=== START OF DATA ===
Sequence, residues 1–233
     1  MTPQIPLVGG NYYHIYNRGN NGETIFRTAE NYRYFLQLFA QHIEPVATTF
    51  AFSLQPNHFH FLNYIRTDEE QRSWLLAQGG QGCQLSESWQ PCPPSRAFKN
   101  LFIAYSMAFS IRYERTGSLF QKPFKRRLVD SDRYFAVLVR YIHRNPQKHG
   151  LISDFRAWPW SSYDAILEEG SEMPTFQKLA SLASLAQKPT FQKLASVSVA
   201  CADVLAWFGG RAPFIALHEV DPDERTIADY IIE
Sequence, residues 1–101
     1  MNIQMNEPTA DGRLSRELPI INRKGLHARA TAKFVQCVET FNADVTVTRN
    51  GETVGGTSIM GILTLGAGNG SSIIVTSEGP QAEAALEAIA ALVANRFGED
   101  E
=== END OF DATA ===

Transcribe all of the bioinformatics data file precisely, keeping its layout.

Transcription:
Sequence, residues 1–233
     1  MTPQIPLVGG NYYHIYNRGN NGETIFRTAE NYRYFLQLFA QHIEPVATTF
    51  AFSLQPNHFH FLNYIRTDEE QRSWLLAQGG QGCQLSESWQ PCPPSRAFKN
   101  LFIAYSMAFS IRYERTGSLF QKPFKRRLVD SDRYFAVLVR YIHRNPQKHG
   151  LISDFRAWPW SSYDAILEEG SEMPTFQKLA SLASLAQKPT FQKLASVSVA
   201  CADVLAWFGG RAPFIALHEV DPDERTIADY IIE
Sequence, residues 1–101
     1  MNIQMNEPTA DGRLSRELPI INRKGLHARA TAKFVQCVET FNADVTVTRN
    51  GETVGGTSIM GILTLGAGNG SSIIVTSEGP QAEAALEAIA ALVANRFGED
   101  E